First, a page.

3. Constant level filling method

(a) Vacuum filling

(b) Gravity-vacuum filling

(c) Pressure-vacuum filling

1. Gravimetric Filling Method: In this method liquid from the bulk liquid tank is allowed to flow into the containers up to a given weight.

Advantage: This is a useful technique for filling large quantities of the preparation and for highly viscous products.

Disadvantage: This method is not suitable for high-speed production rates and automatic equipment.

Gravimetric filling method (Suspensions and Emulsions)
Fig.1: Gravimetric filling method

2. Volumetric Filing Method: In this method, the liquid is filled by positive displacement piston action. The filling station is equipped with a measuring piston and cylinder. The quality of the liquid to be filled is measured by the stroke of the piston.

Advantage: This type of arrangement can fill accurately to within a fraction of a milliliter.


  • Highly viscous liquids may seize the piston resulting in either loss of fill accuracy or line breakdown.
  • Very low viscous liquids flow very fast. This leads to dripping from the filling piston resulting in fill inaccuracies. Solution: The problems can be controlled by proper engineering of the filling equipment.

Containers of uniform dimensions must be used for filing to have a uniform appearance. Otherwise, even though the fill amount is accurate, the fill height varies inversely with the container capacity. An oversized package appears to have an insufficient fill, whereas an undersized package appears to have an excessive fill.

Volumetric filling method 9Suspensions and Emulsions)
Fig.2: Volumetric filling method

3. Constant Level Filling Method: In this method, the container is used as the means for controlling the fill of each unit. The full amount is varied by adjusting the height to which the container is filled.

Limitation: Any dimensional variations in the containers result in comparable variations in the net fill per unit.

The filling machines make use of a siphon principle. In addition, a high-pressure difference is created between the liquid discharge nozzle and the constant level overflow system.

(a) Vacuum filling: A container is connected to the bulk liquid tank through the vacuum head. The connections must be air-tight. The container, on the other hand, is connected to a vacuum pump. A vacuum is then developed within the container. The developed vacuum causes the liquid to flow from the bulk liquid tank to the container. The liquid level rises until it reaches the vacuum tube, which is positioned at the desired constant level. If the excess liquid is drawn through the vacuum tube, from there the liquid is recycled to the bulk liquid tank.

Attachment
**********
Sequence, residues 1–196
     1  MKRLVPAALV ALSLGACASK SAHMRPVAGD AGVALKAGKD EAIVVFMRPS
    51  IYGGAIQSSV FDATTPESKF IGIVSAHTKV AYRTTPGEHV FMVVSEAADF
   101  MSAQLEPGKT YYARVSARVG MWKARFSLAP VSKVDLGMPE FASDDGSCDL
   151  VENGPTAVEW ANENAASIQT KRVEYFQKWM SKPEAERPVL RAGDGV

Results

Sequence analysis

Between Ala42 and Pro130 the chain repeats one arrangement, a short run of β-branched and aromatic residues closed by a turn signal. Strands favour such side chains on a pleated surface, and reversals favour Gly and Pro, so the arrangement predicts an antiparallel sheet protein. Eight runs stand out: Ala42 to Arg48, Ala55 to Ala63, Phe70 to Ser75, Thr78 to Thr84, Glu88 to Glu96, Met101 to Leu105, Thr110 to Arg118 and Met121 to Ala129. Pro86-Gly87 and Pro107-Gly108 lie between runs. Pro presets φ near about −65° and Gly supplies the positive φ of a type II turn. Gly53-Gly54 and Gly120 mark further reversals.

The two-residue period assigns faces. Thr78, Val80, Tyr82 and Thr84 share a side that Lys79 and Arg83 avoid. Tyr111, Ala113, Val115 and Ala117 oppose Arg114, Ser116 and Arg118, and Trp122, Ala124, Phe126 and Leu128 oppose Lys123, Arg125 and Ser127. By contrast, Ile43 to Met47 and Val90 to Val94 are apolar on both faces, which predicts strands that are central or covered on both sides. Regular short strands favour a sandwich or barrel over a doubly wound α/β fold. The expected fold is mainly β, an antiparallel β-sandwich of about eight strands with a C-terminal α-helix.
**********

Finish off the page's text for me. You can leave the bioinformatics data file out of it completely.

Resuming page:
Vacuum filling
Fig.3: Vacuum filling

(b) Gravity-vacuum filling: In this method, the bulk liquid tank has placed a level above the container. Connections are made air-tight. Vacuum is applied for filling. In addition, the gravitational force also acts to aid filling.

Gravity-vacuum filling
Fig.4: Gravity-vacuum filling

(c) Pressure-vacuum filling: Here also connections are made air-tight. The container is connected to a vacuum pump and the bulk liquid tank is connected to the positive pressure-inducing pump. Vacuum in the container and positive pressure above the bulk liquid synergistically act to fill the liquid.

Advantage: Suitable for high viscous liquids.

Pressure-vacuum filling
Fig.5: Pressure-vacuum filling

Foam production – Problem: Foam is produced during the filling with all these methods. This is a severe problem when high production rates are required.

Solution: The problem of foam formation cannot be solved. However, the intensity of the problem can be decreased by any of the following techniques;

(a) Using equipment that minimizes product turbulence.

(b) Using closed system filling equipment that prevents the entry of air or other gases which participate in the formation of foam.

(c) Using mechanical defoaming devices.

(d) Using low filling rates.


Most liquid orals are packaged in either amber or flint glass containers with plastic or metal caps. Glass is generally inert to aqueous solutions in the pH range appropriate for oral liquids. But cap and liner may react. Plastic caps may undergo stress cracking in contact with some liquids. Metal caps may undergo corrosion. Therefore compatible closures must be selected on an individual basis.

Make sure you also check our other amazing Article on : Considerations of Syrups